Pediatric Detectives Part 2: Acute Abdominal PAIN

In part 1 of our series, we introduced you to the mnemonic “PAIN” as a guide:

  • Patient symptoms, Progression, and Palpation
  • Anatomy and Aetiology
  • Imaging Appendicitis
  • Narrow down your diagnosis! 

The second part deals with “Imaging Appendicitis”. Go back to part one for a quick refresh on the first two steps!

Imaging Appendicitis

Look for Irregularities & Inflammation

Any patient referred with abdominal pain should receive an ultrasound exam of the entire abdomen! An ultrasound examination of the bowel and the appendix region should be performed if the localization of pain and the overall clinical picture point toward appendicitis. After an orientation examination with the abdominal transducer, it may be worth switching to the linear transducer, not only in children but also in slim adults, to get the best resolution in the appendix region.

Ultrasound is the preferred imaging modality because of its high sensitivity (around 90%) and specificity (95%), as well as its radiation-free nature and ubiquitous availability. A CT or MRI study will be necessary in some cases!

Appendicitis Signs on Ultrasound:

  • Diameter: > 6 mm is an indicator of appendicitis.

  • Wall Thickening: > 3 mm thickness or loss of wall layer structure signifies swelling and early disintegration.

  • Appendicolith: Obstructs the appendix lumen, seen as hyperechogenic structures with dorsal shadowing.

  • Target Sign: The inflamed appendix appears round in a short axis and like a "target," non-compressible under probe pressure.

  • Fat Stranding: Hyperechoic area surrounding the appendix - "embedded in a bed of snow."

  • Periappendiceal Fluid: Sign of local peritonitis.

  • Sonographic McBurney’s Sign: Pain reaction at the McBurney’s Point, aiding localization.

  • Mural Hyperemia: Detected via color Doppler, indicating hyperperfusion from inflammation.

Watch this comprehensive video on appendicitis signs!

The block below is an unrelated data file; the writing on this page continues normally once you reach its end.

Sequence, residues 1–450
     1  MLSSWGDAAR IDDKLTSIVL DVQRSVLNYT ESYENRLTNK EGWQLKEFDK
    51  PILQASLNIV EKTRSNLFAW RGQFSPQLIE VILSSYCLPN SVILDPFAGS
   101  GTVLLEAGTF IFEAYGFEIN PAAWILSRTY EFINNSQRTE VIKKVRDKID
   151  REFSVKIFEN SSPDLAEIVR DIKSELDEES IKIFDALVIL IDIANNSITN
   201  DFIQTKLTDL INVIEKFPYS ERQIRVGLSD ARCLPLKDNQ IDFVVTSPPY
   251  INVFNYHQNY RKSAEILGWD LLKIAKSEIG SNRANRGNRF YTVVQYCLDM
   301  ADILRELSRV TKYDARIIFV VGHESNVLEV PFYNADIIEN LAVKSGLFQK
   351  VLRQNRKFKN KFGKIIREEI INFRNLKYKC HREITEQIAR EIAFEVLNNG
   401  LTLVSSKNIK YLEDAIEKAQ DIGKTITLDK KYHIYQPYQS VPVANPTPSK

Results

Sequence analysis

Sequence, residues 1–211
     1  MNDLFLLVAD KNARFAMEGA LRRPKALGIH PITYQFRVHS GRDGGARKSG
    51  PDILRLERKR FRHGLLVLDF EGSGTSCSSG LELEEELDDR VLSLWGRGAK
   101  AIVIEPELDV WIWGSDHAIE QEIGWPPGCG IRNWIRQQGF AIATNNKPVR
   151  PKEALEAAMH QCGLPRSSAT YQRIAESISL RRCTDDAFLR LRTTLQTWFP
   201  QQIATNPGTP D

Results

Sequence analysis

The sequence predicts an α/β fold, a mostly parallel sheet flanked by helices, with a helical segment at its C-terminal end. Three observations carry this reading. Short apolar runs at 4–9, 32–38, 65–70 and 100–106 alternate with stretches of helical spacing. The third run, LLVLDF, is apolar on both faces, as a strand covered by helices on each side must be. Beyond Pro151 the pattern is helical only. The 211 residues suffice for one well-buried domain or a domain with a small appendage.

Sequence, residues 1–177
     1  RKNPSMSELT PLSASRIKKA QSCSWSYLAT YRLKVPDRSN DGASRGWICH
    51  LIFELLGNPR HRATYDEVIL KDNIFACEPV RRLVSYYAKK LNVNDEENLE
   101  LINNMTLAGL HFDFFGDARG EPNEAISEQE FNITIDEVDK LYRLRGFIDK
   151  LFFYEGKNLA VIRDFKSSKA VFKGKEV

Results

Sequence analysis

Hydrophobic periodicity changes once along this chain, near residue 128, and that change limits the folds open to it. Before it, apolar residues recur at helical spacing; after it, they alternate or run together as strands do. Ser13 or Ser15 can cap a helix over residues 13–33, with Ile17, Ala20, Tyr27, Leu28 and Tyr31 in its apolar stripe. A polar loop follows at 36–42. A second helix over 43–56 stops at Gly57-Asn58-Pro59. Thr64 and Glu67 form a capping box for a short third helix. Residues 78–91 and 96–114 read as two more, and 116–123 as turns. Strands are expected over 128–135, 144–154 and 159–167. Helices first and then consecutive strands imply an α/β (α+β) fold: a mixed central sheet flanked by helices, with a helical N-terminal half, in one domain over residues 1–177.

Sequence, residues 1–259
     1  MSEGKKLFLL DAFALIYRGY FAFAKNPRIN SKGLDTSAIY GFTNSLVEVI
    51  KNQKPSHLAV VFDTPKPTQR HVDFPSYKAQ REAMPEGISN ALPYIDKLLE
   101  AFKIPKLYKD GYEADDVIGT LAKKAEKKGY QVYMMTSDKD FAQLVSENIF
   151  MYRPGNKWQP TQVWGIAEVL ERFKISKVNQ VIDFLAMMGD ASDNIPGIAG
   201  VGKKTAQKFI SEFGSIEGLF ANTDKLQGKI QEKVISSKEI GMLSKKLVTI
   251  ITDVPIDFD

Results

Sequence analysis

Special thanks to Andrei Satsuk, MD for generously sharing this interesting case of appendicitis with an appendicolith (note the dorsal shadowing!)

These signs, when present in combination, may suggest a diagnosis of appendicitis. However, it is important to interpret the ultrasound findings in conjunction with the clinical symptoms and other diagnostic tests for an accurate diagnosis.

Signs of perforation:

  • Once perforation has occurred, there can be a short interval of pain relief.

  • Reduced or even absent color Doppler flow in the later stages, like gangrenous appendicitis or perforated appendicitis.

  • Perforation and abscess formation: Hyper- and hypoechoic areas, sometimes a kind of pseudo-wall can be appreciated (the body tries to contain the inflammation)

  • Periappendiceal cloudy fluid collection (putrid)

  • Further evaluation with CT or MRI is necessary to delineate the extent of the abscess.

Example of Phlegmonous Appendicitis, also note the peri-appendiceal fat stranding! Based on the ultrasound image, we can’t really tell if there was full thickness-wall-perforation before the abscess formed. Credits to Ulrike Handler.

Stay tuned! In the next part, we’ll discuss how to narrow down your diagnosis!

A special thanks to our 123Ambassador Andrei Satsuk, MD, for providing a pediatric case! Instagram: @satsuk_md